Noninvasive Tests for Hepatic Fibrosis

Number: 0690


Aetna considers transient elastography (e.g., FibroScan) medically necessary for distinguishing hepatic cirrhosis from non-cirrhosis in persons with hepatitis C or other chronic liver diseases.  Performance of transient elastography more than twice per year is considered not medically necessary.  Performance of transient elastography within 6 months following a liver biopsy is considered not medically necessary.  Transient elastography is considered experimental and investigational for all other indications.

Aetna considers serum marker tests (e.g., FibroMAX, FibroSpect, FibroTest-ActiTest, HCV-FibroSure, HepaScore, NASH FibroSure, plasma cytokeratin-18) experimental and investigational for detecting or monitoring hepatic fibrosis in persons with hepatitis C or other chronic liver diseases (e.g., non-alcoholic fatty liver disease (NAFLD)) because their effectiveness for these indications has not been established.

Aetna considers magnetic resonance elastography experimental and investigational for distinguishing hepatic cirrhosis from non-cirrhosis in persons with hepatitis C or other chronic liver diseases, and for other indications because its effectiveness for these indications has not been established.


Serum Markers of Hepatic Fibrosis:

Biochemical marker combinations are being developed as alternatives to liver biopsy in patients with chronic hepatitis C and other chronic liver diseases, including chronic hepatitis B, alcoholic liver disease, or non-alcoholic steatosis.  Non-invasive tests are being developed to replace liver biopsy, and thus avoid the risk of biopsy-related adverse events.  Non-invasive tests also have the potential to avoid limitations of liver biopsy, including the risk of sampling errors and inter- and intra-pathologist variability. 

The FibroSpect II (Prometheus Laboratories, San Diego, CA) is a non-invasive diagnostic panel to assist in the detection of liver fibrosis.  The FibroSpect II uses a combination of components in the fibrogenic cascade, such as hyaluronic acid, TIMP-1 (tissue inhibitor of metalloproteinase), and alpha-2-macroglobulin.  The test is intended to differentiate mild fibrosis from more severe disease.  The manufacturer's website provides "performance data" on the FibroSpect II Test, but this information is unpublished.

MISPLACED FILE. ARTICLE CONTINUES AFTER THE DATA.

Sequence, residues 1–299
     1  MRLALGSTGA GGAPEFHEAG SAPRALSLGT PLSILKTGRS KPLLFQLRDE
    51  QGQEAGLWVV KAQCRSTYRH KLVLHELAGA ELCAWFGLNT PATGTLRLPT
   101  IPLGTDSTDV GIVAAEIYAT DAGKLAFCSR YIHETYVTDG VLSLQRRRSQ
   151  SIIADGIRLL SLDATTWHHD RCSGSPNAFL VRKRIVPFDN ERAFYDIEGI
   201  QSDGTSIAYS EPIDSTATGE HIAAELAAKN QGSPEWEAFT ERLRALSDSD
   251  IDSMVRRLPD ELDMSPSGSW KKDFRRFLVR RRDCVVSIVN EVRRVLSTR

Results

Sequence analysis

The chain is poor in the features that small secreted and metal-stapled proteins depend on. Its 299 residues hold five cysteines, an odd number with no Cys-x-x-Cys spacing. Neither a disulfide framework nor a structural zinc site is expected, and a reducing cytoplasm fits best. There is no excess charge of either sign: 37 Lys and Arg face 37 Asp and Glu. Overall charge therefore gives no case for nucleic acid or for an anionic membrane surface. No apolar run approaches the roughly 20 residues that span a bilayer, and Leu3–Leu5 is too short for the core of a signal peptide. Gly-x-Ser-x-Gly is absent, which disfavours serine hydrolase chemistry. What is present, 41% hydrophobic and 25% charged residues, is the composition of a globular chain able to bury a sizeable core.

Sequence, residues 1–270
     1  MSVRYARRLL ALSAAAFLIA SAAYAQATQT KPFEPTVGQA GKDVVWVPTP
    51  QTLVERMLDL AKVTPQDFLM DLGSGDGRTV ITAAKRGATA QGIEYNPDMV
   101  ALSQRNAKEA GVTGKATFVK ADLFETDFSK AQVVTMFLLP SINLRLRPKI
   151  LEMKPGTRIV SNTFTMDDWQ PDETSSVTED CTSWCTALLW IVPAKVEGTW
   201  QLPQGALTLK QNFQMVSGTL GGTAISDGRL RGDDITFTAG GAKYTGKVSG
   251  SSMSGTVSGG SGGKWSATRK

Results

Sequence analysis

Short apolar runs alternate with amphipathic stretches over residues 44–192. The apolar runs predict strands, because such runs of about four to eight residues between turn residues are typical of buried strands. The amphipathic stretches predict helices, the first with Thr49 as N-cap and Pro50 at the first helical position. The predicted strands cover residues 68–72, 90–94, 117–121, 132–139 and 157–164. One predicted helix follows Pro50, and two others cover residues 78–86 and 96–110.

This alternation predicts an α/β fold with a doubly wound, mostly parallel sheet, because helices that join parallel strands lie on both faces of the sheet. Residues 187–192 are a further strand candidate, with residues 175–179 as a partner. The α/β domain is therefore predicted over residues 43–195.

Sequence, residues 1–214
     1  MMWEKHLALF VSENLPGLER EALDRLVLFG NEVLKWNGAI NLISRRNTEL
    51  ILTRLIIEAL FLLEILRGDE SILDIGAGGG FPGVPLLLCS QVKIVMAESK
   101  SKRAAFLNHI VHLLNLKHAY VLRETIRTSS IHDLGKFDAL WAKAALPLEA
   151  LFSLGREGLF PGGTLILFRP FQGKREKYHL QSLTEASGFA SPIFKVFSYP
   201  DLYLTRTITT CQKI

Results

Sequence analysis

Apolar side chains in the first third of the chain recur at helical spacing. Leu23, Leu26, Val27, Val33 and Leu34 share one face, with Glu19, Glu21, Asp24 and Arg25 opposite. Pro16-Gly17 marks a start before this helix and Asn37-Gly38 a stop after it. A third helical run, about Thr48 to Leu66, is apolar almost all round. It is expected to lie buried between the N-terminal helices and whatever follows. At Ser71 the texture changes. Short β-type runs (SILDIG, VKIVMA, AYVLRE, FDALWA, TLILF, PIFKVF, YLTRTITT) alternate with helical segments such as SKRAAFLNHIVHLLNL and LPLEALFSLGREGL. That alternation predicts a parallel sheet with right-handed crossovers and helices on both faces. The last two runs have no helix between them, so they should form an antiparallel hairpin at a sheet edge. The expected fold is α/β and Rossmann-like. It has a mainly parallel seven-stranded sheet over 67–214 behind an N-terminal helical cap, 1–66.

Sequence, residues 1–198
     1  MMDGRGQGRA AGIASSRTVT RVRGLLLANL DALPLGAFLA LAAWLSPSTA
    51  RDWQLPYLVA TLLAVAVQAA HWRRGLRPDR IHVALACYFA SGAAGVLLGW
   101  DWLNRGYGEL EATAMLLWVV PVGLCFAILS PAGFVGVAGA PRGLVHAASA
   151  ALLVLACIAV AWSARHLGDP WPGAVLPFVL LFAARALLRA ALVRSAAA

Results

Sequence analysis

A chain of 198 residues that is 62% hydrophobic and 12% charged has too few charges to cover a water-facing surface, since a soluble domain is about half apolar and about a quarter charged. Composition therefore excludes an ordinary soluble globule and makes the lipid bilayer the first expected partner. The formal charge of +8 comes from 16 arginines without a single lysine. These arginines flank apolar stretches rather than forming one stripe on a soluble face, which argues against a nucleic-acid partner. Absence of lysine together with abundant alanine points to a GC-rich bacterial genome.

The FibroTest (Biopredictive, Houilles, France) and the ActiTest (Biopredictive, Houilles, France), marketed in the United States as the HCV-FibroSure Test (LabCorp, Burlington, NC), are the most thoroughly studied serum biochemical test for the assessment of fibrosis and necroinflammatory activity, respectively.  The HCV-FibroSure Test includes the following five markers, as well as age and gender: alpha2-macroglobulin, haptoglobin, gamma-glutamyl transpeptidase (GGT), total bilirubin, apolipoprotein A1, plus alanine aminotransferase (ALT).  Rossi et al (2003) reported on the results of FibroTest scores of 125 patients with hepatitis C.  Of these, 57 had FibroTest scores either less than 0.1 (indicating no fibrosis) or greater than 0.6 (indicating significant fibrosis).  Although 33 of the 125 patients had FibroTest scores of less than 0.1 and were therefore deemed unlikely to have fibrosis, 6 (18 %) had significant fibrosis.  Conversely, of the 24 patients with scores of greater than 0.6 who were likely to have significant fibrosis, 5 (21 %) had mild fibrosis.  The investigators concluded that, "[o]f the 125 patients in the cohort, 57 (46 %) could have avoided liver biopsy"; but discrepant results were recorded in 11 of those 57 (19 %).  In other words, discrepancies with the biopsy gold standard were found in one-fifth of patients.  There are no prospective clinical outcome studies of the HCV-FibroSure in the management of patients with hepatitis C or other chronic liver diseases.